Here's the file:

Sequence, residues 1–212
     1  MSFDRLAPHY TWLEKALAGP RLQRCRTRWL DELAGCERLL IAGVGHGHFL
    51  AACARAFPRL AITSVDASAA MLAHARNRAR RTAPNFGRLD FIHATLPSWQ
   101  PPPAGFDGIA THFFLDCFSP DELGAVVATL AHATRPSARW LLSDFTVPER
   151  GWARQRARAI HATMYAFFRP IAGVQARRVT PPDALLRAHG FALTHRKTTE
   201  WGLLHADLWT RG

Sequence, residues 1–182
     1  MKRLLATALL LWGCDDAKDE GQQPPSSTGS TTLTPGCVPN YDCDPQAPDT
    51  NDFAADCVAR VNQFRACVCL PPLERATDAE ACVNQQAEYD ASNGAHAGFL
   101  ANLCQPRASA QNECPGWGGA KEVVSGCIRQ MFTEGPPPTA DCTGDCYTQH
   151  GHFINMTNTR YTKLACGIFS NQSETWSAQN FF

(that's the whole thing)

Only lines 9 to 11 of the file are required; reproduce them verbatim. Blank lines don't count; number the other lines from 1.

    51  NDFAADCVAR VNQFRACVCL PPLERATDAE ACVNQQAEYD ASNGAHAGFL
   101  ANLCQPRASA QNECPGWGGA KEVVSGCIRQ MFTEGPPPTA DCTGDCYTQH
   151  GHFINMTNTR YTKLACGIFS NQSETWSAQN FF